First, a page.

After the arrest of seven more journalists in Turkey recently and the tightening of media laws in Romania and Hungary, advocates of press freedom in the EU are starting to sweat.
According to the Turkish Journalists’ Association, 58 reporters are currently behind bars in Turkey, and the jail sentences continue to be handed out. The arguments between the press and the politicians are intensifying. On Tuesday 15 March, the Turkish PM Recep Tayyip Erdogan accused the foreign media of aiding a ”defamation campaign” against him and hit out at his own press for ‘smearing his government’.
On the same day, Rupert Colville, a spokesman for Navi Pillay, the UN High Commissioner for Human Rights said:
“If there are genuine reasons to suppose that any journalists have committed crimes outside the scope of their journalistic work, then those reasons should be transparent to the journalists themselves, to their defence lawyers and to the rest of us.”
The EU has painted Turkey with the bright colours of ‘Muslim democracy’. But the frowning has begun over the restrictions of the press being dished out from Ankara. The government there is very wary of anything with a hint of the alleged plan to bring down Mr Tayyip Erdogan’s administration in 2003, the so-called Ergenekon plot.
The EU is worried that Turkey, its crucial link between the continent and the Islamic world, (and possible future partner), is heading down a slippery slope. Enlargement Commissioner Stefan Fuele affirmed that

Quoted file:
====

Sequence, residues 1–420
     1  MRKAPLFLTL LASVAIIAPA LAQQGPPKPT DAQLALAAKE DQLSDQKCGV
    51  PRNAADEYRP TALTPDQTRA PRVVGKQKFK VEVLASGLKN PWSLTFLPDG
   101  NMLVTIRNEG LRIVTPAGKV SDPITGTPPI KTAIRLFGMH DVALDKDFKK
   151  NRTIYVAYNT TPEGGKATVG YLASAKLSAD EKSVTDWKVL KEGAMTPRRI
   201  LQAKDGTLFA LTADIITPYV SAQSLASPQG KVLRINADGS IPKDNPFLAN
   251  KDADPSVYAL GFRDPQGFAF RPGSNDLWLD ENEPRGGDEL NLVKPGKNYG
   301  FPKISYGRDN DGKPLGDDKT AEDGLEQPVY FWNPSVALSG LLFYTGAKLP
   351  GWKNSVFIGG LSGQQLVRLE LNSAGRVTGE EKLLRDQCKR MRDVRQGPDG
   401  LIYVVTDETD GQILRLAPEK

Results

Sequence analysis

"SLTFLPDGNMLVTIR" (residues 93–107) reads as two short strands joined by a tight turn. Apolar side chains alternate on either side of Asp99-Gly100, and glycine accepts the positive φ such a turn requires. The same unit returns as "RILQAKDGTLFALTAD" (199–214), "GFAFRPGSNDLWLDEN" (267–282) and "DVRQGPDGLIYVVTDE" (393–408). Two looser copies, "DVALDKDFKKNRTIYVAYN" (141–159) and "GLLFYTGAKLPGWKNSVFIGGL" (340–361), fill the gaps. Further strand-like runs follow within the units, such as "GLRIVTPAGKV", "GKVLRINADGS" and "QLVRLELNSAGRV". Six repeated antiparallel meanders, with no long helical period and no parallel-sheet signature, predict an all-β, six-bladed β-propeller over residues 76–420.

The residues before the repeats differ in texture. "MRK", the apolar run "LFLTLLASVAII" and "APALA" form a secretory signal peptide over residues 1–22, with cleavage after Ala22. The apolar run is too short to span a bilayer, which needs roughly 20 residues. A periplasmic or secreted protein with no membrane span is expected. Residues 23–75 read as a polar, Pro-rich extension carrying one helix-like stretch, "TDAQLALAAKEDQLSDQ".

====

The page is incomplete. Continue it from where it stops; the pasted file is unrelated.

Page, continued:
“as a candidate country, we expect Turkey to implement core democratic principles and enable varied, pluralistic debate in public space”.
But there is also concern for what is happening within the confines of the club itself. Romania has amended its broadcast law six times in the past year. Hungary recently warned during its presidency of the EU that other members should keep their noses out of Hungarian internal affairs. This came in response to the concern expressed over Budapest’s new media laws.
During a time when the economy is causing European leaders a real headache, press freedom issues must not be sidelined. Turkey is whipping up a stir with journalistic events there and this is not what the EU needs, with the country being Europe’s ‘democratic’ route into the Maghreb and the turmoil there. If it wants to continue to put Turkey on a pedestal, it needs to demand rigorous assurances from Ankara on press freedom.